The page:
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The  information following this icon pertains to Backcountry Camping. (Extreme camping, deep woods, no modern facilities, etc.)

For those that want to really get back to nature, 
and go beyond the somewhat civilized campgrounds of state parks and the like,
 primitive camping is the answer.

 

Because of the setting and the effort required to get into the backcountry, where virtually all primitive camping takes place, close attention to logistical considerations is essential. This begins with equipment. It should be light, highly functional, durable, and easy to use.

The logical place to begin is with the backpack.

These have advanced light years in the last generation, with solid yet lightweight internal frames and designs that distribute heavy loads more effectively. Along with your tent and footwear, this is the gear that demands the greatest amount of thought. Get the best you can afford, and give careful thought to the type of climate and terrain in which you will be hiking. For example, areas that receive a lot of rainfall demand a waterproof backpack or one with a cover, which is easy to put on and is also waterproof.

Your choice of tent, ground cloth, and sleeping gear
also need careful consideration. 
The temperature ranges in which you will be camping figure in prominently here. Whatever the climate though, your sleeping bag should be one which is equal to the task with at least 5 degrees F of leeway. Spending a cold, miserable night is a primitive camper's nightmare, with no vehicle to retreat to. The sleeping bag (and mummy types tend to weigh less, a vital concern for the back packer) should also be one which will not become clammy or hold moisture. And you need a good, compact pad to go with it.

Next comes clothing

Venturing into the backcountry for miles toting a pack demands comfortable, lightweight and waterproof hiking boots. You will want at least one change of clothing, and materials that offer warmth and dry quickly deserve special consideration. In rainy regions, good raingear also looms large. Throw in a cap or hat, or maybe a balaclava or hooded sweater for colder climates and you have the basics covered. Of course, additions to this list will be required depending on local weather. If in doubt, check with someone familiar with the area and its climatic vagaries.

All of this gear--tent, pack, clothing, footwear, sleeping bag and pad, and ground clot--should weigh 20 pounds or less. That leaves you another 20 pounds of weight for food, cooking gear and accessories. With careful planning you can keep pack weight to a total of 40 pounds or less for two- or three-day trips, although longer ventures will require more weight and extra planning.

Choices when it comes to cooking ware range widely

 Compact fold-up kits, which have multiple uses, tend to be best, and you can cook some wonderful-one course stews, goulashes, or hearty soups in a single pot. Add a cup, a plate, and utensils and about all that remains to feed the inner man or woman is the actual food and a way to cook it.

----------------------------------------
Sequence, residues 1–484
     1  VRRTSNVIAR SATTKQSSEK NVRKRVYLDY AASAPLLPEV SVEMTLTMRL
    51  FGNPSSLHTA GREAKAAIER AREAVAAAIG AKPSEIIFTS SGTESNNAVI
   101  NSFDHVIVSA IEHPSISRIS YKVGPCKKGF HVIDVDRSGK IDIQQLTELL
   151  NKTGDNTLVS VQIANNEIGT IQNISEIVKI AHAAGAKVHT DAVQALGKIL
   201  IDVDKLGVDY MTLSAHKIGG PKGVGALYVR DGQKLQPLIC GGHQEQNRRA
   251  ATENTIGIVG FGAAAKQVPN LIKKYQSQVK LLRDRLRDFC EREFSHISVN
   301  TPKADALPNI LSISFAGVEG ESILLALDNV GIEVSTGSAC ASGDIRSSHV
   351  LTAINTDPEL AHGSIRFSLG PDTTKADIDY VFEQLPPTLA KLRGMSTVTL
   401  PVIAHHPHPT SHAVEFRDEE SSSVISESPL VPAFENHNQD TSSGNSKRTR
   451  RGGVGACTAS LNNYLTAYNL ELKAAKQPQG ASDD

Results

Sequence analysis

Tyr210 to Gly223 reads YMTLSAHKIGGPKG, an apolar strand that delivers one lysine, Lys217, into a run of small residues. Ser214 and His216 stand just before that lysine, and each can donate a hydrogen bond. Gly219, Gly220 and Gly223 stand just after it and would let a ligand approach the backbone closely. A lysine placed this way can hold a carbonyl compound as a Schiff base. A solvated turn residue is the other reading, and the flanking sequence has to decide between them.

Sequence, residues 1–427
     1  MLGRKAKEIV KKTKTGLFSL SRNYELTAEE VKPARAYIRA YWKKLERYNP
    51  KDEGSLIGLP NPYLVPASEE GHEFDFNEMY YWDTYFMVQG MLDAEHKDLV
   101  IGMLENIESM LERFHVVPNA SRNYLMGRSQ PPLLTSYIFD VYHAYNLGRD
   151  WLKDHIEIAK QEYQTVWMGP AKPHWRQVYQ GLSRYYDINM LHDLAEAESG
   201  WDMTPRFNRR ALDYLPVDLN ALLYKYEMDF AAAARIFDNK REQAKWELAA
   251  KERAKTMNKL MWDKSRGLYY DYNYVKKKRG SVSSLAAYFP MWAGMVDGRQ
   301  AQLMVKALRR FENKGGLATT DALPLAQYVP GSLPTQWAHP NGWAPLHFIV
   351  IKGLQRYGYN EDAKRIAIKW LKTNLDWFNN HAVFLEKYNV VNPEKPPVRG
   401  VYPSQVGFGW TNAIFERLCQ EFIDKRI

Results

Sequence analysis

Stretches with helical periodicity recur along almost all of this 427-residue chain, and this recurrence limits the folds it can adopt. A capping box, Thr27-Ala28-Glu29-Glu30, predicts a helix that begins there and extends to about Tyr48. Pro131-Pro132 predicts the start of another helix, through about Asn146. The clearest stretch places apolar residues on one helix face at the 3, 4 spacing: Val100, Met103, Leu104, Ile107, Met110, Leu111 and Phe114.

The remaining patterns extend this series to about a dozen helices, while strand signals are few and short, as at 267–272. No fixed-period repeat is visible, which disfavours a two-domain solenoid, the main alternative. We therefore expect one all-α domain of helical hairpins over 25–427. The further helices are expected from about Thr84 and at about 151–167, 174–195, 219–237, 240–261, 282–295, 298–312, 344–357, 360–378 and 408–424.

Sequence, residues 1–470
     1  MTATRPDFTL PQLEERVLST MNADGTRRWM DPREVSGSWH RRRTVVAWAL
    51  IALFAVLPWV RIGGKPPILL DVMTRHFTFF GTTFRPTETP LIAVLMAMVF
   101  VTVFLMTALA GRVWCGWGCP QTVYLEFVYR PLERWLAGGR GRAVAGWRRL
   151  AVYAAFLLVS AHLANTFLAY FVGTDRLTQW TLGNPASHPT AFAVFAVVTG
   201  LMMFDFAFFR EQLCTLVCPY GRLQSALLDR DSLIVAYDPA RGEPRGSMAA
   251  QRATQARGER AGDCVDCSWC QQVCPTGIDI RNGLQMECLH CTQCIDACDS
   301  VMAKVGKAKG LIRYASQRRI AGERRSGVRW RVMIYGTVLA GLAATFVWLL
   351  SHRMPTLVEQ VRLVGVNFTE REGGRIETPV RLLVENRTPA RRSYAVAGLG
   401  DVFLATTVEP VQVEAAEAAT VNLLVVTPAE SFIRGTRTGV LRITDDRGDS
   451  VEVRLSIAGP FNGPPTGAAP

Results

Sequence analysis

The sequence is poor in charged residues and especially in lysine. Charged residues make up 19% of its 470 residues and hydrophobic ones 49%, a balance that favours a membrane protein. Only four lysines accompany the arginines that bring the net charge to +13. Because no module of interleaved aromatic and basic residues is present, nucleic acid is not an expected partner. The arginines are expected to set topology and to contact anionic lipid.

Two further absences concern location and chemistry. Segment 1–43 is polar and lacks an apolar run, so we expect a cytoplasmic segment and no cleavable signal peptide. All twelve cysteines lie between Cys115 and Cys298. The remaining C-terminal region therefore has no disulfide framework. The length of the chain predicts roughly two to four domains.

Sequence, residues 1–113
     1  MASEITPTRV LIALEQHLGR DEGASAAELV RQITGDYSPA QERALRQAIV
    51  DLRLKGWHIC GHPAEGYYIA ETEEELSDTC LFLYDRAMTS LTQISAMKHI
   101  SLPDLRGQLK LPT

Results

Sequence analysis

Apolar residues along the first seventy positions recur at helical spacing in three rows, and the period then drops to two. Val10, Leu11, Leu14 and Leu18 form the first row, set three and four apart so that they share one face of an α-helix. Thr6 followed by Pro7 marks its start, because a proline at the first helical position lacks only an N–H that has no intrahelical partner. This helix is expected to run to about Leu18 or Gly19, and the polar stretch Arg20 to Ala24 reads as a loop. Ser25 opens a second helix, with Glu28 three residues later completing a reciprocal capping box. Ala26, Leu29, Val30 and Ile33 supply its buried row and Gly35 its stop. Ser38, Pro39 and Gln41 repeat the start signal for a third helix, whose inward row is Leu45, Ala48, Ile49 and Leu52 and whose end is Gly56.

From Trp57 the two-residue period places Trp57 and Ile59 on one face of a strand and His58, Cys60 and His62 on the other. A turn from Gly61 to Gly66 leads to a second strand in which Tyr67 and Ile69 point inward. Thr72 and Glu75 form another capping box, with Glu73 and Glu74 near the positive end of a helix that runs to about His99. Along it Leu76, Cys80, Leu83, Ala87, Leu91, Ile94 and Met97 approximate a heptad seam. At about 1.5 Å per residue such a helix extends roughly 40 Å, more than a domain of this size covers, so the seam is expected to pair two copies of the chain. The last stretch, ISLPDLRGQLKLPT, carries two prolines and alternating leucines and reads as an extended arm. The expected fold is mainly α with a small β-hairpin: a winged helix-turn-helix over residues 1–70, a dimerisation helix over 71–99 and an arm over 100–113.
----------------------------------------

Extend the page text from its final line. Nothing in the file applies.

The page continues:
Dehydrated foods are the way to go. Almost any type of pasta, with some dried vegetables, meat, and spices added, can make a delicious dish. All they require are an appropriate amount of water and cooking. Add dried fruit and/or some sweets, and you can stock up on plenty of calories without any sacrifice in taste. If you are in an area where fishing or hunting is possible, you have even more potential for a varied diet. Plan every meal, including snacks, in advance. If you have a menu and follow it, you'll be in good shape and can even anticipate the tasty treats that lie before you.

Cooking can be done over an open fire in many areas, but it demands greater skill and is not permitted in some areas. Arguments in favor of this approach include the simple joys of a fire and some reduction in pack weight. Generally speaking though, you'll do better in following the  no trace  ethic and in cooking if you use a lightweight stove and the appropriate fuel. Coleman, long a leader in the field, makes excellent one- and two-burner stoves, which add little weight to the primitive camper s burden. Don t forget water purification tablets or a pump with a filter, and it is best to treat even cooking water that will be brought to a boil.

Finally, there are the accessories

A first aid kit, reliable fire starters (a couple of cigarette lighters always reside in my gear), a small flashlight, soap, towel and wash cloth, any needed medications, and personal toiletries also belong in this category. So do necessary maps and trail guides, a compass or GPS, and a basic repair kit. While not essential, some reading material, a camera, and a personal  luxury  item or two can be added.

Whether you are highly experienced in primitive camping or a novice, make a point of maintaining a list of all the equipment you use. Fine-tune this list after each trip, and in time you will get packing for future trips down to a fine art. Even then though, there's one area that always cries out for some experimentation. There are few backcountry pleasures more satisfying than the simple acts of preparing and eating a fine dinner, and the avid camper always looks for tasty new additions to the menu.

Primitive camping, properly done, can be as comfortable as it is enjoyable. Add to that the fact that it offers the ideal escape from the hustle and bustle, the headaches and heartaches of our fast-paced world, and you have ample reason to take to the trail in any and all seasons.

A good topo map and understanding of how to use it is essential to those venturing into wilderness areas to camp.

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